Rev. Abner Reeve by George Borthwick

The Rev. Abner Reeve – an extraordinary man

Rev. George Borthwick
About 1938

The Rev. George Borthwick was ordained at the South Haven Presbyterian Church in October 1935 and served as its pastor until 1940. During his tenure, he wrote a history of the community and church, which remained a limited circulation manuscript until published under the auspices of the Cutchogue Presbyterian Church in 1989, during his tenure there.

The following excerpts from the book (pp. 61-73, 84-90) record the life of an extraordinary man, the Rev. Abner Reeve. Note, however, that Borthwick was incorrect in some details. I have identified these with footnotes. My research on Abner Reeve is a work in progress. Visit his entry in the Hamlet People database for additional information.

For over five years, from April 9, 1749, to October, 1754, the church “at the South” [now known as the “Old South Haven Presbyterian Church”] and the congregations at Moriches and Ketchabonock had services irregularly. Presbytery sent out supply preachers at times, and occasionally a minister from a neighboring church would conduct a service for the pastorless congregations. One who made such visits to the church in south Brookhaven was a young man who was later to become its settled pastor. He was one of the most human individuals the church ever had as a minister. He was no pious, long-faced saint, as was typical of the preachers of that day. The point on which he erred was that he was too human. He liked alcoholic beverages too well, and he often let them get control of him. This man, who, years before, had served as a supply minister and who on November 5, 1755, was installed pastor of the church in south Brookhaven, was Abner Reeve.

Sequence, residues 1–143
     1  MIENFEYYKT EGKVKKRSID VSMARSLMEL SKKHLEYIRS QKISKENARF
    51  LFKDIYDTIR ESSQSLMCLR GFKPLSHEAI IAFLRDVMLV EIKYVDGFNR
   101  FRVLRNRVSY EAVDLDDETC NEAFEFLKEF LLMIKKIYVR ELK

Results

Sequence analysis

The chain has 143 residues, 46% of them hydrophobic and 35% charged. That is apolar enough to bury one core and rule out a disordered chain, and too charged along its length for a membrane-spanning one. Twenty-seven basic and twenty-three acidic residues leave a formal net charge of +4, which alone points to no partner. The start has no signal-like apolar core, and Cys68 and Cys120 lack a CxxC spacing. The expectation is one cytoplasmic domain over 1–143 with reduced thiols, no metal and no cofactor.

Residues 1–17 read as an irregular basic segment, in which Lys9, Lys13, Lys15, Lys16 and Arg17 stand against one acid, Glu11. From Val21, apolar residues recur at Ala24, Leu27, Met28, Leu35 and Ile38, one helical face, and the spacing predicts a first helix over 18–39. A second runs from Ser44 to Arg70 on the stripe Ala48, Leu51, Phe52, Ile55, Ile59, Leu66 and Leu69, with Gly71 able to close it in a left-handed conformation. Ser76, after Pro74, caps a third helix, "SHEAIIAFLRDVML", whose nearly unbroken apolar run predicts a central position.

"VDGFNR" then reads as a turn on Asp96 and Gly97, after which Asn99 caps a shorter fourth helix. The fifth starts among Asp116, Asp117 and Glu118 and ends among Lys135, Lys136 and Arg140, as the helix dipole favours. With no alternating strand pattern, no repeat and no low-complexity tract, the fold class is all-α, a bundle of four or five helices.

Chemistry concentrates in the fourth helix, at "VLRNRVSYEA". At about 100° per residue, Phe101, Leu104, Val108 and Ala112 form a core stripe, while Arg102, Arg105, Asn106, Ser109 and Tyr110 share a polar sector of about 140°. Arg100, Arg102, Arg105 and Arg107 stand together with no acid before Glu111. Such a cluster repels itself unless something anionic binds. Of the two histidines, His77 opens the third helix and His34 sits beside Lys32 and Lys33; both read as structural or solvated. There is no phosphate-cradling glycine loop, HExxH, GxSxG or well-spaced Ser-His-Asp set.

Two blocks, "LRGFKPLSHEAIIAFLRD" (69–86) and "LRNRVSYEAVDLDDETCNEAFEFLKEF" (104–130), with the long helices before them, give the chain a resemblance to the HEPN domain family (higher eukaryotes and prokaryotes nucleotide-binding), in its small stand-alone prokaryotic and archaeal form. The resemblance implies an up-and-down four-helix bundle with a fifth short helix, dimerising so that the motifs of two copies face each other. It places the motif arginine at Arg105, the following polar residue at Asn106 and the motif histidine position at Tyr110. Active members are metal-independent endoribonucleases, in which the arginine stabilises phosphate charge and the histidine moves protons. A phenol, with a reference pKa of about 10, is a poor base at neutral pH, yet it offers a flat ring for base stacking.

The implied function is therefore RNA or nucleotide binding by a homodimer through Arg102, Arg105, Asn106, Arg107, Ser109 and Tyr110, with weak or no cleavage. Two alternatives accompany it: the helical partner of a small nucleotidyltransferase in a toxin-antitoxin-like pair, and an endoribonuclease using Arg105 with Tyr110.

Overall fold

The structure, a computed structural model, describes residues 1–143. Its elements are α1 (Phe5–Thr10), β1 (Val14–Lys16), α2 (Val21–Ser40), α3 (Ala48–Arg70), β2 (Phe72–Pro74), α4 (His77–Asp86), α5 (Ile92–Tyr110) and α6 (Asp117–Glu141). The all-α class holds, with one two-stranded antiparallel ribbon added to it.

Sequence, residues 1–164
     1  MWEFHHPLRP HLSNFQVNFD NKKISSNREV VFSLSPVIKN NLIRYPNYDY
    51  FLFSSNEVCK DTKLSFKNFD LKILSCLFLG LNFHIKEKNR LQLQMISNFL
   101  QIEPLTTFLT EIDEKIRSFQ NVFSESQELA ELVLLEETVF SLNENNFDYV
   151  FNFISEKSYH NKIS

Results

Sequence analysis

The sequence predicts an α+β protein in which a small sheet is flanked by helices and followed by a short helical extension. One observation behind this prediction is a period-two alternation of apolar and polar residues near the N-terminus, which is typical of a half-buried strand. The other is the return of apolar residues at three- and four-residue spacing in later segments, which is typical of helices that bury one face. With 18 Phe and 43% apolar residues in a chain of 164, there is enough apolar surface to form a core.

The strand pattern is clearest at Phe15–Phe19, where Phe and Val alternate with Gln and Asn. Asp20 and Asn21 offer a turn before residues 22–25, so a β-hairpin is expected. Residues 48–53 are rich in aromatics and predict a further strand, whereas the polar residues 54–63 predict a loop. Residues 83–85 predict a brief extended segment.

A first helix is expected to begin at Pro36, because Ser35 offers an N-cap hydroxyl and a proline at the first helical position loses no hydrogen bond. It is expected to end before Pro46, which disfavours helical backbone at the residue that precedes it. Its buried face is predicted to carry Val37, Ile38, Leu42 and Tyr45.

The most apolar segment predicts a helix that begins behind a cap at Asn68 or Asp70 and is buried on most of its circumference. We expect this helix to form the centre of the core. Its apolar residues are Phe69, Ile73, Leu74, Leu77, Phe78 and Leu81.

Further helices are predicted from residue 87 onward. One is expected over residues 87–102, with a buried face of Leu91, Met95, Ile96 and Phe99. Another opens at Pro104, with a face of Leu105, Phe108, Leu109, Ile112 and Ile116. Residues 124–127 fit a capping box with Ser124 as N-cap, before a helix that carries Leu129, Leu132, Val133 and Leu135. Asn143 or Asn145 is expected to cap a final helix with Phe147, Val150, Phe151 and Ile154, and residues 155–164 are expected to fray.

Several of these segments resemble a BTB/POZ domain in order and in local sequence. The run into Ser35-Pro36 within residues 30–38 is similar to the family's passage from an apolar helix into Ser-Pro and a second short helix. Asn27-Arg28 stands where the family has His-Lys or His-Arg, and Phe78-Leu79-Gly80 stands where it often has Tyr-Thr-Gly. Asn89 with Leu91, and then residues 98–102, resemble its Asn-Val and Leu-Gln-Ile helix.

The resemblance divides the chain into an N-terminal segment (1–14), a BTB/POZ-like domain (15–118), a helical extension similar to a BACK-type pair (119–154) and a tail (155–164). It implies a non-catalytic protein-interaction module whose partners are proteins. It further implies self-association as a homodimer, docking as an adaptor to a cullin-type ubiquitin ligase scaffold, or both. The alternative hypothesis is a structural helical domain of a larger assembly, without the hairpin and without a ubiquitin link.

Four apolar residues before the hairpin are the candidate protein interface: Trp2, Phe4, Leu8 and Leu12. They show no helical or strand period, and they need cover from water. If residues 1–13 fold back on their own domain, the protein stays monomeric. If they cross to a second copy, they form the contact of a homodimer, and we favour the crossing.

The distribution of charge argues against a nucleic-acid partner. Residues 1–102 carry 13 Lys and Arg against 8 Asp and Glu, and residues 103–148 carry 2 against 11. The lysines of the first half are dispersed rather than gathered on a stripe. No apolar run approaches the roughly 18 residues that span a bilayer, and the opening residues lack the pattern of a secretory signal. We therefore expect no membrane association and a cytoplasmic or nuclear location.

He was the only native of Long Island who was minister here until the Rev Ezra King in 1810. He was born in Southold, February 21, 1708, the son of Thomas and Bethia (Horton) Reeve and grandson of one of the town’s original settlers. He attended Yale College and graduated with the class of 1731. Returning to Southold, he spent three or four years in theological study under the town minister, the Rev. Benjamin Woolsey. On October 16, 1732, he married Mary Topping, a girl of 18. In 1735, he was licensed to preach by a group of ministers in Southold, and in looking around for a pastorate, saw the young and struggling church at neighboring Nissequogue, a village in Smithtown. Here, for several years, he made his headquarters, moving sometimes to villages in which were the other churches he attended.